- Published: October 12, 2012
- Written by Chris Meehan
Today the Departments of Energy and Interior (DOE and DOI, respectively) launched Solar Energy Zones on public lands in the U.S. West. The zones are part of the Obama Administration’s plans to make it easier for companies to install large solar facilities on public lands. It represents a major change in how such projects will be permitted and included a lengthy process of determining which lands are most suitable for solar, without impacting pristine environments and developing on previously disturbed lands.
Interior Secretary Ken Salazar officially signed the Record of Decision for the plan today (October 12) adopting it into DOI’s development guidelines. As part of the determination process DOI sought input from the public, which environmental organizations and other responded to with vigor. The result, a plan for more solar that keeps environmental and conservation groups like The Nature Conservancy happy. In the past, some environmental organizations have opposed some projects for their locations in the habitat areas of endangered or at-risk species.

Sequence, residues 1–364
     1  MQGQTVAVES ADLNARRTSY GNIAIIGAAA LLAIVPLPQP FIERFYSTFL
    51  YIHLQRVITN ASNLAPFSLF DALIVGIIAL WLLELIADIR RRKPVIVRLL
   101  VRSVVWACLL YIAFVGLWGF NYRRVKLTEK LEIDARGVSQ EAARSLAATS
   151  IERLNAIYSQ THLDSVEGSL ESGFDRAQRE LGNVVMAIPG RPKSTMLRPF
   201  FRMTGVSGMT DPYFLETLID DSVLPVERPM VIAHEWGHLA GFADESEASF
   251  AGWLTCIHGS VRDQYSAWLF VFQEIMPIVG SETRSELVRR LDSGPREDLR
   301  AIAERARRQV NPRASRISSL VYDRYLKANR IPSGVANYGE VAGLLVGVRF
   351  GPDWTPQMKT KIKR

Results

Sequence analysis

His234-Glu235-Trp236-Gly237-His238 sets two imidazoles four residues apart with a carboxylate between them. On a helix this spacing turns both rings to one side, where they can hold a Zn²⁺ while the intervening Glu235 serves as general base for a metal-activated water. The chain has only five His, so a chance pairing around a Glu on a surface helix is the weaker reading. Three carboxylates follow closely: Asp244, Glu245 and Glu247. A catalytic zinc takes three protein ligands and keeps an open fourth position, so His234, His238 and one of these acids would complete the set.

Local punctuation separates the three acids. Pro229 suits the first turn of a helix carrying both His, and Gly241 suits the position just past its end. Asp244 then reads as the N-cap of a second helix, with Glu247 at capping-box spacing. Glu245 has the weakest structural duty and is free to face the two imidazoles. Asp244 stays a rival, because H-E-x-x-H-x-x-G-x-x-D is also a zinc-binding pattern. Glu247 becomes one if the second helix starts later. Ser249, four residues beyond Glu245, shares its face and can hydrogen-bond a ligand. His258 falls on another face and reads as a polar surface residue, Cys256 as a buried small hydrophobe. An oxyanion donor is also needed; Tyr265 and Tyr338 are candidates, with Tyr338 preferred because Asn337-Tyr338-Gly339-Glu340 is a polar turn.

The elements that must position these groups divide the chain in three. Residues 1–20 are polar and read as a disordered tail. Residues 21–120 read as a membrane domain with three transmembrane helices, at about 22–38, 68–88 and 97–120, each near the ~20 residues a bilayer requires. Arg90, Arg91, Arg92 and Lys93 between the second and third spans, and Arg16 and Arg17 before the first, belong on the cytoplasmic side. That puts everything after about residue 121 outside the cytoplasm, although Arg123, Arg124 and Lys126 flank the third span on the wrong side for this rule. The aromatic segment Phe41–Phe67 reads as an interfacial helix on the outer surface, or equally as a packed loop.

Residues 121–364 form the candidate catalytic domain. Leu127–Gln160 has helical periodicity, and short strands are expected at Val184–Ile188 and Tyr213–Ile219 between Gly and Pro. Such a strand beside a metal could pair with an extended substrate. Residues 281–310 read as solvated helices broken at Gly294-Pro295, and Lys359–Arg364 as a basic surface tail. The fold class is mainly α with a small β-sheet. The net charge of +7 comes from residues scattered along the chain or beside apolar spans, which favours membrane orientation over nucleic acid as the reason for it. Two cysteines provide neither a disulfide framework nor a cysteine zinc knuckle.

“This federal solar plan is an important step forward in how energy can be smartly developed on our public lands,” said Michael Powelson, The Nature Conservancy’s North American director of Energy Programs. “The Nature Conservancy commends the Departments of Interior and Energy and the Bureau of Land Management for their commitment to find workable solutions that support renewable energy goals and protect the needs of people and nature,” he said
“The federal solar plan can serve as a model for how the Bureau of Land Management addresses all forms of energy development,” said Laura Crane, The Nature Conservancy, Director of the California Renewable Energy Initiative. “Honoring the zone approach agreed to by industry, utilities, conservation groups, and other stakeholders is critical to the success of the plan,” she said.
The DOI’s Solar Programmatic Environmental Impact Statement (PEIS) will allow land managed by the Bureau of Land Management (BLM) in Arizona, California, Colorado, Nevada, New Mexico, and Utah to be used for solar developments. In all, enough land was appropriated to generate enough power for 7 million homes in the U.S. The Nature Conservancy said it is the first time BLM has taken a proactive approach in identifying appropriate zones for energy development on public lands.